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Published: September 24th 2014
What follows is a collection of thoughts, experiences and short stories from our time working as tour leaders in Taiwan. Part One
Back in the UK, not quite a month had passed before the opportunity to work in Taiwan arose. A combination of some family connections, our travel blogging and some sheer endeavour led us to a meeting on a Cornish computer screen. We had come full circle and were now beaming out to Taiwan via the medium we had become accustomed to, Skype. The opportunity to “keep the dream alive” and travel for our living was too good to turn down and with terms agreed and bags barely unpacked we hopped on a plane to Kaohsiung which was to be our home for the next two years.
Interestingly, ironically maybe poetically we had not been to Taiwan on our travels. Arriving in the southern port city of Kaohsiung wanderlust gripped our stomachs. Unlike the travellers stomach bugs we had both continually had this lust hadn’t passed through us. This was a new country and a new chapter. We would approach it with fresh eyes.
Our jobs as tour leaders would require us to take tourists cycling
around Ilha Formosa (beautiful island), as the Portuguese who first sighted the island named it. Now we would both confess to not being cycling enthusiasts. A few rides here a few rides there but we were not necessarily multi day kilometre-crushers. More languid pedalling than lycra medalling. But, who doesn’t enjoy a good cycle and the art of traveling, the art of tour leading as we would later discover, is about adapting, learning and well…bullshitting.
Before being thrown into the lions den of running paid client tours on our own, we joined our boss on a 2 week cycling trip to hone our skills and our legs. It was a new experience for both Hannah and I. It was travelling but it was different. Now, it was about keeping the guest happy and not necessarily ourselves. Consisting of 9 eager cyclists this group would prove to be the ideal training for the coming years. We learnt on that first trip not only what to do but what not to do. Before we had even reached the tour hotel in Taipei, Taiwan’s capital, I had managed to lose the boss’ camera…a fact that he humorously never let me forget.
See, the art of tour leading and the smooth running of trips not only lies in taking people to beautiful places, but in systems. You cannot deal with 9 people’s queries, problems and life stories as well as manage tour funds, ferry tickets and route notes without systems. This means always have a bag with you to hold the essential items such as pens, notepads, plasters, torches, suncream. The list could go on. This process came naturally to Han, who was used to carrying a handbag with all the goods when we travelled, but I was learning a new game.
As the tour rolled on and the art of talking, planning, booking and dining with a diverse group of people was thrust upon us we quickly warmed to the idea of this as our job. The Portuguese were right, Taiwan was beautiful. Its history of cheap products and efficient commerce had been made in Taiwan creating with it a notion, from the outside at least, that the island was all factories and fish farms. Of course, there were factories and fish farms aplenty but beyond the densely populated western cities the island is awash with a collage of crescent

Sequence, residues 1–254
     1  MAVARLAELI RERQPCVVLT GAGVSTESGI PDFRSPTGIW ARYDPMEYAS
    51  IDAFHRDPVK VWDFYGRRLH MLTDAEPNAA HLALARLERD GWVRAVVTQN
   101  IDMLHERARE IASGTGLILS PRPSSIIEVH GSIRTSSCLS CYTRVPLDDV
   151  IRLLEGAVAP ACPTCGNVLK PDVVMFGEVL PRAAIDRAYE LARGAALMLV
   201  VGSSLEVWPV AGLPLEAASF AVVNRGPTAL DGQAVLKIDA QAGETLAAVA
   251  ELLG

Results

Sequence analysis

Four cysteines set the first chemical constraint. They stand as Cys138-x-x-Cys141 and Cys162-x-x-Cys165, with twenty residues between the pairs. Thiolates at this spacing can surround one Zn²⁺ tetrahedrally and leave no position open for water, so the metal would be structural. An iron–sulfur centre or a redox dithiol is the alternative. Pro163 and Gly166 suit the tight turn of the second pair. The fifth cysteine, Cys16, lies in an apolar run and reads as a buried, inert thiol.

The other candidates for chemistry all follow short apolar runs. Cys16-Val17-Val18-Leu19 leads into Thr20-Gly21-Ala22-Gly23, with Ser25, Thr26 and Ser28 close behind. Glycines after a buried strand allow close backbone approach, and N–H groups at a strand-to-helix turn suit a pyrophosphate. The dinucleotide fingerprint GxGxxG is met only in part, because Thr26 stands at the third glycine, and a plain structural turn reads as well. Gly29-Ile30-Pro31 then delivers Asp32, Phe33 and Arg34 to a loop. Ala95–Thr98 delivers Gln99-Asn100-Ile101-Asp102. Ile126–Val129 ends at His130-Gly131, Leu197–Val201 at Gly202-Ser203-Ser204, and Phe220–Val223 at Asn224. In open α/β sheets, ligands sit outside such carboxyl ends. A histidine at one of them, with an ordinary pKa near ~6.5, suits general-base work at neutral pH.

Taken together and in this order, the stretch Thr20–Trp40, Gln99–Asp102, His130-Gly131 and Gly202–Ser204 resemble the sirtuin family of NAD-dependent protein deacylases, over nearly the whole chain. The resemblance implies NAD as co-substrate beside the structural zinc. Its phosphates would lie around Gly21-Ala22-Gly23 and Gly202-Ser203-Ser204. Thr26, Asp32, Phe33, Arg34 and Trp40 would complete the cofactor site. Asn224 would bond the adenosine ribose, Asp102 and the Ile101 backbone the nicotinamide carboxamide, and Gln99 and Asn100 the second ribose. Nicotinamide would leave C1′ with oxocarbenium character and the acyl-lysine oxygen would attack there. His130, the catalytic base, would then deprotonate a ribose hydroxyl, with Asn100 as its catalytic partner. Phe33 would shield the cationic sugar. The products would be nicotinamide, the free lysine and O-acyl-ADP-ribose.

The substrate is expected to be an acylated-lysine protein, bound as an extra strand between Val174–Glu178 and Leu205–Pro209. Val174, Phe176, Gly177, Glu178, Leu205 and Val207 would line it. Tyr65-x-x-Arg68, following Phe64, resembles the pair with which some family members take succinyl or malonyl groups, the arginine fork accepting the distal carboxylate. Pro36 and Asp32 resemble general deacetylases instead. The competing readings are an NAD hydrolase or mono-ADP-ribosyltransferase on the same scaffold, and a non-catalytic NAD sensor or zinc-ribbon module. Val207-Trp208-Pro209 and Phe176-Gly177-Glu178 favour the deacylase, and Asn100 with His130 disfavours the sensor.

shaped beaches, verdant jungle and towering mountains, ideally suited for those with the will to cycle its immaculately maintained roads.
Managing people whilst they cycle on these roads was the next challenge. Although not an alluring analogy, people’s cycling styles tend to match that of love making. Some like to go fast often pulling away from the group. Some like it slow, taking in the scenery at the same time. And others fall off before they’ve even started. That was the case with one rider. You would think a prerequisite of booking on a two week cycling trip would be to be able to cycle but one lady, who hadn’t cycled for over 20 years, actually fell off her bike on the first day…going uphill!
When one rider was falling off another, dare I say, less experienced cyclist was persuasively pedalling his bike in full jeans, t shirt and jacket. He topped his attire with a motorcycle full head helmet which he assured me was needed on Taiwan’s “dangerous” roads. It was an amusing sight to say the least, however, cycling alongside him became a test of patience when every few kilometres he would begin the laborious process
of taking his helmet off, finding his handkerchief and wiping his sweaty brow. It wasn’t until the last few days that we persuaded him he might be better off in the 30 degree heat if he wore shorts and a t-shirt like the others.
The last few cycle days consisted of a cycling detour to Green Island, a short ferry ride out into the rolling Pacific Ocean. We visited old Buddhist temples, soaked in some of Taiwan’s ubiquitous hot springs and cycled amongst swaying betel nut palms. The natural beauty was clarified by a 6”3’ German guest who punctuated each possible camera opportunity with “this is UNBELIEVABLE” said in a distinctly camp and Bavarian tone.
As Hannah and I began unlocking the parked bikes for the final day of cycling the key for the last adjoined pair of wheels had slipped Han’s bag. We searched everywhere but it seemed she had misplaced it. As the 9 guests streamed out of their relaxing hot spring it was the German’s bike that we could still not unlock. Our frenzy to find a solution led us to sourcing a pair of bolt cutters from which we freed the immobile
bike. As we pulled the bike away from the other a small silver key appeared beneath its wheel. “UNBELIEVABLE” the German uttered. This tour undoubtedly had been. We’d learnt a big lesson in this game. It’s all about systems.
Tot: 2.586s; Tpl: 0.044s; cc: 29; qc: 131; dbt: 0.08s; 2; m:saturn w:www (18.104.22.168); sld: 1;
; mem: 1.7mb